Last week, the Columbia City Council fell one vote shy of going even further. The action would have reduced the penalty for cultivating as many as two marijuana plants to $250 and allowed seriously ill people to grow the plants without facing prosecution.
The St. Louis Board of Aldermen voted last year to establish a citywide marijuana statute that effectively reduces penalties for possession of small amounts of marijuana to a small fine.
Kansas City hasn’t gone quite as far, but local officials say they went a long way toward relaxing the city’s marijuana possession laws when they moved many of those offenses from state court to Municipal Court in the mid-1990s. That move alone cut potential penalties at least in half.
Nearly all first-offense marijuana offenses now go through city court rather than state court, especially if referred by Kansas City police, said Kansas City Prosecutor Keith Ludwig.
In state court, possession of less than 35 grams of marijuana is a Class A misdemeanor with a maximum penalty of a year in jail and a $1,000 fine.
In city court, the maximum penalty is six months and a $500 fine, although Ludwig said people entering a guilty plea in city court to a marijuana offense generally receive probation and drug counseling, especially for a first offense.
Kansas is considered to have some of the harshest marijuana penalties in the nation.
Possession of any amount of marijuana — even a single gram — can land people in prison for up to a year, as well as a $1,000 fine. If they’re caught with marijuana again, they face a felony charge and up to 31/2 years in prison and a $100,000 fine.
In Wichita, a group has launched a petition drive to place a measure on the April ballot reducing marijuana penalties in the city. Under the petition, anyone 21 and older who possesses 32 grams of marijuana or less would be fined $50 for a first infraction.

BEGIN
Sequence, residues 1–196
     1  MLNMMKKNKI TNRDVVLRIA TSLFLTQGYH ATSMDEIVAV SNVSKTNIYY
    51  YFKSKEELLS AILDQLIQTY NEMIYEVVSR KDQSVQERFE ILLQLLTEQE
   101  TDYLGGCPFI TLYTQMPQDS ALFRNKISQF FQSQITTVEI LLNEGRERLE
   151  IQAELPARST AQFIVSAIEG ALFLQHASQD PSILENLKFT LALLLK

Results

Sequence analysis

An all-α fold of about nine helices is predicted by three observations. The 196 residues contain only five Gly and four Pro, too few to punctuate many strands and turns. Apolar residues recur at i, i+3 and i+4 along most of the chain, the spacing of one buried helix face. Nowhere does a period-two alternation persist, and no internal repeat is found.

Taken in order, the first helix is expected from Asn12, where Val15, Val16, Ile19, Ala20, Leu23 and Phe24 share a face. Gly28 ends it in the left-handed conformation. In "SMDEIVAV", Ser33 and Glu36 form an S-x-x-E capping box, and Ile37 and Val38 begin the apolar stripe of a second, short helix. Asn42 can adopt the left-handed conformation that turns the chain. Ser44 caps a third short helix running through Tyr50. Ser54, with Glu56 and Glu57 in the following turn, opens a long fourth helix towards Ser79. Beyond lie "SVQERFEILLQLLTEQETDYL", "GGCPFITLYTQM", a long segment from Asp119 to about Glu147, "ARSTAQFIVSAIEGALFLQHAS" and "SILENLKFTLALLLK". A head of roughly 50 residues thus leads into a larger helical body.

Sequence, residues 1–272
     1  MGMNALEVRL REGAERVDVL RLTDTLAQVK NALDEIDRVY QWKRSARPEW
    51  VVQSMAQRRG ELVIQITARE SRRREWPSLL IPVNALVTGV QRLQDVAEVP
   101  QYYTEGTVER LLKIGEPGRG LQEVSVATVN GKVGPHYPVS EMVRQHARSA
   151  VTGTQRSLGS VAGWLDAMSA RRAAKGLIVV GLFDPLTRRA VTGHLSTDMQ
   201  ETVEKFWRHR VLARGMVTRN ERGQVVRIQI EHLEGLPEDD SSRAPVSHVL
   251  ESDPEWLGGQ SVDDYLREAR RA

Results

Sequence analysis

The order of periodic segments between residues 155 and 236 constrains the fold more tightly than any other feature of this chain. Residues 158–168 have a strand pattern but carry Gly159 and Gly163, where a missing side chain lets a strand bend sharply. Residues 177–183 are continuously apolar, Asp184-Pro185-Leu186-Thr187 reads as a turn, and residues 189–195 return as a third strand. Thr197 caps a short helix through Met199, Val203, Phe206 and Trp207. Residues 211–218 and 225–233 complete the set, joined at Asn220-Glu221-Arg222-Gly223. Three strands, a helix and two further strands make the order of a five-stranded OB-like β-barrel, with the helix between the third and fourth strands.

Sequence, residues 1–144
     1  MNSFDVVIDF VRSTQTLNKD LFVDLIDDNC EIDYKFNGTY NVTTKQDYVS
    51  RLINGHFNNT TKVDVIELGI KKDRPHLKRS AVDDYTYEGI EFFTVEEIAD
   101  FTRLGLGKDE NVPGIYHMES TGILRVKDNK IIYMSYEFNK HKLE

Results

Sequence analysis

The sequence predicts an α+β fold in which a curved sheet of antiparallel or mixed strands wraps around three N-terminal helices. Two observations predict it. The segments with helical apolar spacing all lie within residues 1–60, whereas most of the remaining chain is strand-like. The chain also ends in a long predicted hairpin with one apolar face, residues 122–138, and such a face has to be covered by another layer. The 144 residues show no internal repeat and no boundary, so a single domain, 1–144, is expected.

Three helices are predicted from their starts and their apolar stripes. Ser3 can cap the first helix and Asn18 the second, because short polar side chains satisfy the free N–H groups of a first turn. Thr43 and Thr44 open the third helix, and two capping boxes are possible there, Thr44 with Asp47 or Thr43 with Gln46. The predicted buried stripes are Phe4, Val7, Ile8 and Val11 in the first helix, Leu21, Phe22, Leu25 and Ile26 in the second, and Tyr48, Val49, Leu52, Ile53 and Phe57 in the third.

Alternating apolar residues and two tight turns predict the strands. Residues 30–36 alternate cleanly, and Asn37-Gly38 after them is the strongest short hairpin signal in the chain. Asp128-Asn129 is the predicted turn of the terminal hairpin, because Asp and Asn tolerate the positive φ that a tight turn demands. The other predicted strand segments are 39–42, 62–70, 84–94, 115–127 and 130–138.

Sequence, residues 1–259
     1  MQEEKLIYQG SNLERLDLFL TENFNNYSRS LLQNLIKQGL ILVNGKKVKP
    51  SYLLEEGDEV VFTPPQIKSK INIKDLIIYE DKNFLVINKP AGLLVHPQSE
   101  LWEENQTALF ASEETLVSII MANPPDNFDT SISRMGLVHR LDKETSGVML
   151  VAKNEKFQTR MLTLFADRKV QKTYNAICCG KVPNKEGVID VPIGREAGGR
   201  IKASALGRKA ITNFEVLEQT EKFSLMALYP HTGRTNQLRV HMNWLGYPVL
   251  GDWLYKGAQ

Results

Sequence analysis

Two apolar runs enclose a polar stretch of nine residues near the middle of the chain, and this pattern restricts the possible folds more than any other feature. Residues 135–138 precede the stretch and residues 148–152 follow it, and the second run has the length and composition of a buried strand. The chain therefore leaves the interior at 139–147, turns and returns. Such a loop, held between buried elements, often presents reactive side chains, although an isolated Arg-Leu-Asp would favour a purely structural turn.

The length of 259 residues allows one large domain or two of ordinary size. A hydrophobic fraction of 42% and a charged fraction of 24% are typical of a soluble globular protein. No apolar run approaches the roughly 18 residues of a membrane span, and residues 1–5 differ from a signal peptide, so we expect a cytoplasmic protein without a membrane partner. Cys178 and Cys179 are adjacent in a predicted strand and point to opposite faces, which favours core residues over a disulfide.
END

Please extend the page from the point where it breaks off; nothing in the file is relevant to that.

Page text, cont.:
The wild card in the debate is the federal government.
Last year, Attorney General Eric Holder announced that the Justice Department wouldn’t criminally prosecute recreational marijuana users and state-approved growers and venders in Colorado and Washington. In February, the Treasury Department issued rules to make it easier for banks to do business with marijuana dispensers.
Despite all this, marijuana remains classified as a Schedule I substance under federal law. Possession of marijuana is punishable by up to one year in jail for first-time offenders. Growing even a small amount of marijuana could mean a five-year sentence, even more if done near a school, playground or public housing.
Show-Me Cannabis began the process of a legalization ballot measure in 2012 before abandoning the effort. The political headwinds would be stronger in 2016, when a large and typically more liberal turnout is expected for a presidential election.
A fiscal analysis prepared by the Missouri Auditor’s Office of the 2012 ballot measure concluded that if approved by voters, legalized marijuana could boost state revenue by at least $142 million annually.
State Sen. Jason Holsman, a Kansas City Democrat, said he plans to file a medical marijuana bill once again next legislative session. He’s hopeful it can gain traction in a skeptical legislature, although he says a vote of the people will likely be the only way for progress to happen.
“Missouri is an incremental state that likes to move slowly on social reform,” said Holsman. “But I’m encouraged that we’re moving at all.”
The Star’s Lynn Horsley contributed to this report.